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The Daily Wildcat

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The Daily Wildcat

The Daily Wildcat


Burro Fire one of many regular Southern Arizona blazes

Mike Christy

As the wind kicks up, what might normally be a dust devil becomes an ash devil in the charred landscape near Empire Ranch, while the Sawmill Fire burns on April 27 in Southeastern Arizona between Green Valley and J-6. Southern Arizona’s wildfires are a relatively common occurrence.

The Burro Wildfire began its conquest of the Santa Catalina Mountain range on Friday, June 30. Since then, the fire has spread across over 27,000 acres in the eastern region of the Catalinas, causing the evacuation of Mount Lemmon residents and employees. Meanwhile, the Frye fire near Safford has burned nearly 50,000 acres of the Pinalenos mountain range.

Before the arrival of the monsoons on July 9th, the Burro fire was only 36% contained.

“Firefighters in the Catalinas and Pinalenos were waiting for the rains to come before they had a good chance to contain both the Burro and Frye,” said Chris Guiterman, dendrochronology research associate at the Laboratory of Tree-Ring Research. Now, thanks to monsoon rains over Mt. Lemmon and the Pinalenos, firefighters have the Burro fire 100% contained and the Frye contained at 98%.

These fires were propelled by varying weather patterns in southern Arizona. Tucson went without rainfall in April, May and June. Additionally, June was Tucson’s hottest month in recorded history, featuring a 15-day streak of over 105-degree temperatures.

“Fuels this year were well-supplied by a good monsoon season last year, which resulted in abundant grasses,” Guiterman said. “Heavier fuels like downed wood and small, live trees have accumulated over the last century due to a lack of fire in many areas.” The combination of abundant fuel, excessive heat and ongoing drought was a recipe for disaster.

While the Burro Fire has been the largest wildfire on the Catalinas in the past decade, it did not burn as much land as the Bullock fire of 2002 which covered over 30,000 acres, or the Aspen fire of 2003, which devastated over 80,000 acres on Mt. Lemmon.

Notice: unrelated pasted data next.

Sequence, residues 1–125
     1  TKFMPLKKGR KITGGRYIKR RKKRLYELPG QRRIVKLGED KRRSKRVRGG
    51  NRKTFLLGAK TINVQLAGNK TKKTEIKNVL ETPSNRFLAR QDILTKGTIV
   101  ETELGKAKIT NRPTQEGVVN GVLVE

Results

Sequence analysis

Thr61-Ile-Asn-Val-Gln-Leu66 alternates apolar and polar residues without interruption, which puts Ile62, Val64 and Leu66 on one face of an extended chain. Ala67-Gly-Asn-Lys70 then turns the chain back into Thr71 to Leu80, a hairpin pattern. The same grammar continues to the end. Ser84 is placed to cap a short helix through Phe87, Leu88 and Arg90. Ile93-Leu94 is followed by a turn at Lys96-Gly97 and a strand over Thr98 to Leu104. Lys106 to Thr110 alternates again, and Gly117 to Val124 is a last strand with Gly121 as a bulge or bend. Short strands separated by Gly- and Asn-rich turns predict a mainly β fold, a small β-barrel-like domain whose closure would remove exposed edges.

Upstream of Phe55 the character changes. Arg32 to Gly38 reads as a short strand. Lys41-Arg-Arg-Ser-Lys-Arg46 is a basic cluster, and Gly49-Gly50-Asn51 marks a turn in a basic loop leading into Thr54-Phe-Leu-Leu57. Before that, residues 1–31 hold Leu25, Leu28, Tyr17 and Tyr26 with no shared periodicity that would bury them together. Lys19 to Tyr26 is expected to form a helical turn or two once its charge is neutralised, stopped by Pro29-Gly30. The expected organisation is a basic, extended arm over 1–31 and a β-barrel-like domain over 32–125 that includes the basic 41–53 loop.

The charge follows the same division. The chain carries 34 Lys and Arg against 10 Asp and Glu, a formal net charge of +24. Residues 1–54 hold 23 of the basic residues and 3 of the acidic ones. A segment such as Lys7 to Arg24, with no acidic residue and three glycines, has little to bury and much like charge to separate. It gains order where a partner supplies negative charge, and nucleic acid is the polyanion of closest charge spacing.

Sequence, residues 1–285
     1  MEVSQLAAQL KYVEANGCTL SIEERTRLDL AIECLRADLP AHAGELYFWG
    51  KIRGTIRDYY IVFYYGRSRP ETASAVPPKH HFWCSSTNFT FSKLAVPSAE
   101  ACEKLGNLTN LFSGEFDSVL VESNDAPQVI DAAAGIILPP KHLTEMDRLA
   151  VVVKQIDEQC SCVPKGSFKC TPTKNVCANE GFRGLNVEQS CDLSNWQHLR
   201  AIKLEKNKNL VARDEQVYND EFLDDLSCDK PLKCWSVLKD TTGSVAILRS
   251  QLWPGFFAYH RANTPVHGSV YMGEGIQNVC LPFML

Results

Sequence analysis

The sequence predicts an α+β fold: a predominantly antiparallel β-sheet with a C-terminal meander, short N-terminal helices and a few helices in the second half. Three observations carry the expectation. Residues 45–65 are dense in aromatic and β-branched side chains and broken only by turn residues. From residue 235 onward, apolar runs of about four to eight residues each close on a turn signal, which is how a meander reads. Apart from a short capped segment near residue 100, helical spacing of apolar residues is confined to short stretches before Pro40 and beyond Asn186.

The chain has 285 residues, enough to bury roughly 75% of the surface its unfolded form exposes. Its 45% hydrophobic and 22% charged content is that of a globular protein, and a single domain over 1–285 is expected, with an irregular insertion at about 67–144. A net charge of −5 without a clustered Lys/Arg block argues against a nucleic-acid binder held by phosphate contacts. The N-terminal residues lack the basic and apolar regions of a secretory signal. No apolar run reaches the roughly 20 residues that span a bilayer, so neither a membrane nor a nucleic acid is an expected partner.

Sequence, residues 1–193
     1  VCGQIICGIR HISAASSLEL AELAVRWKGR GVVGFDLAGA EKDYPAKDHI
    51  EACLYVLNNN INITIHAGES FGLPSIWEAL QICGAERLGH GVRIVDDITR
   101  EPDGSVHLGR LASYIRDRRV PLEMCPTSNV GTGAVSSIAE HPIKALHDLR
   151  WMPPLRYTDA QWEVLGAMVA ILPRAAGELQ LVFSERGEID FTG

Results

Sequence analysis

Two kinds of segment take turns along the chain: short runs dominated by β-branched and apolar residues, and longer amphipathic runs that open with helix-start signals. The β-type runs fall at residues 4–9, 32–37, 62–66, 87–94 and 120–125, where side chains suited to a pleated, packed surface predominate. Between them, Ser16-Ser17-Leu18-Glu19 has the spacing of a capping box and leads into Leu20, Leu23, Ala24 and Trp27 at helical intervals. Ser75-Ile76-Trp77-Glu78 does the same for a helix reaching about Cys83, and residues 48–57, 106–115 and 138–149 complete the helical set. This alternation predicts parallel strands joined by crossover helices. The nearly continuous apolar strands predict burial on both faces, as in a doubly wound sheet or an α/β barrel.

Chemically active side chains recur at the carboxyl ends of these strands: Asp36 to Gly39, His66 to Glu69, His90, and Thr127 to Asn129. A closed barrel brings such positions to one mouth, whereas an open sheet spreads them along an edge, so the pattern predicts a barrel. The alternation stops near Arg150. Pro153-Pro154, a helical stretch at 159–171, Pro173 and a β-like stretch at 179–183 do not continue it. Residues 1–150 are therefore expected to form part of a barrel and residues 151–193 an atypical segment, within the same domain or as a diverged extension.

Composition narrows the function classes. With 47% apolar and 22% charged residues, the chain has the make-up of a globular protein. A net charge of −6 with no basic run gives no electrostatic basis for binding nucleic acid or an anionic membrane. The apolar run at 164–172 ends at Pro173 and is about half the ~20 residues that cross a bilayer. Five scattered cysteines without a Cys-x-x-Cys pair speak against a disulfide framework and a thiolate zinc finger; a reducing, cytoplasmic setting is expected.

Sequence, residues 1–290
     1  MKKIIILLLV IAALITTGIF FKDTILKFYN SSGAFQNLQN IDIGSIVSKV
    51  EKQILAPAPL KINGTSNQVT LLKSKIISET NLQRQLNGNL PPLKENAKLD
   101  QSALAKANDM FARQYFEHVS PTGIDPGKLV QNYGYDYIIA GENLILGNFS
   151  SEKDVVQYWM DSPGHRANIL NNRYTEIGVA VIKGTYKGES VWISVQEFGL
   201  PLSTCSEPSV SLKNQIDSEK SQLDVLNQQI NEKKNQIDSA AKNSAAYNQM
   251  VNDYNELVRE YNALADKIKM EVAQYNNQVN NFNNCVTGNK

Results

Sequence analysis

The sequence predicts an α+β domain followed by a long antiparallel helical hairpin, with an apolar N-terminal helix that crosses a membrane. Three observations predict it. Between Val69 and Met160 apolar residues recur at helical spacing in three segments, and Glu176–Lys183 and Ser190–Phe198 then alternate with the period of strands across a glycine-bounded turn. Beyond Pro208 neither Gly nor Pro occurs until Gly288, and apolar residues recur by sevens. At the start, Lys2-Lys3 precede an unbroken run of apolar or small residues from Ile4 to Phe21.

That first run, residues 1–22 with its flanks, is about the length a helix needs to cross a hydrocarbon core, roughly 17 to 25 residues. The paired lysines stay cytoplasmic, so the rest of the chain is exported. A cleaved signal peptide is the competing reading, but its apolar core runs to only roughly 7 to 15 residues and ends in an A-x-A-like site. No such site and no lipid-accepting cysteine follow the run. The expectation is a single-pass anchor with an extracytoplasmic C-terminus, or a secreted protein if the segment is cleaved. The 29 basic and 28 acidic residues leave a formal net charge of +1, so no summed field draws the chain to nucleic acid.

RELATED: Sawmill Fire: Wildfire a hot topic for UA experts

Wildfires on the Santa Catalina’s tend to have a 10-15 year cycle according to Guiterman. 

“It’s interesting ecologically to see that the Burro Fire burned through parts of the 2002 Bullock Fire, 15 years later,” Guiterman said. “Similarly, the Frye Fire burned through areas burned 13 years ago by the Nuttall Complex Fire. These are historically normal fire intervals, but came only after over 100 years without fire.”

The aftermath of the Bullock and Aspen forest fires is evident on the drive up the Catalina Highway to Mount Lemmon, but regrowth is also visible. The question remains how quickly the forest destroyed by the Burro fire will recover. 

“You might see green grass and wildflowers within weeks or months in areas just burned by the Burro Fire. In a few years, you might not realize it had burned much at all,” Guiterman said.

However, it is uncertain whether or not the scorched lands will ever completely return to their former glory. 

“Under historic conditions, the spruce-fir forest can return eventually, but climate change casts uncertainty on its long-term recovery,” Guiterman said.

On the morning of July 3rd, the residents of Summerhaven, tucked away near the top of Mount Lemmon, were evacuated as nearly 200 firefighters worked to protect the beautiful mountain town. Not until July 10th were residents and employees allowed to return to their homes and places of business.

It seems as though the wildlife displaced by the fire have taken up residence near Summerhaven, too. On July 13th Arizona Game and Fish issued a warning to residents and visitors of the town after eight bear sightings since July 11th.

RELATED: University research team identifies the impacts of forest death on other continents

While the fire itself is no longer a threat to nearby residents, what is left behind can be equally dangerous. “Another important aspect is the effect of intense rains on the burn areas, which can trigger flooding and debris flows. This is often the most worrisome aspect of a fire,” Guiterman said.

Just last week, a flash flood near Payson, Arizona killed nine people and left another missing. Much of the debris came from a recent wildfire in the Tonto National Forest.

While the cause of the Burro fire is still under investigation, only two realistic possibilities remain. One of those is human activity. Campfires or cigarette butts could have easily started such a fire. However, forest fires have been happening on Mt. Lemmon even before the widespread settlement of the Tucson valley, originating by way of dry lightning.

“In Tucson we have a lot of lightning and saw many fires start this year from passing thunderstorms before the real onset of the monsoon,” Guiterman said. “The ‘dry lightning’ storms start fires when there isn’t much moisture, so the fires are able to spread. This was the case for the Frye Fire in the Pinalenos.”

The monsoon now seems to be in full force, but since Catalina highway is reopening to the public, it’s still important for forest visitors to practice fire safety at all times. As Smokey the Bear says, “Only you can prevent forest fires.”

Follow Chandler Donald on Twitter.

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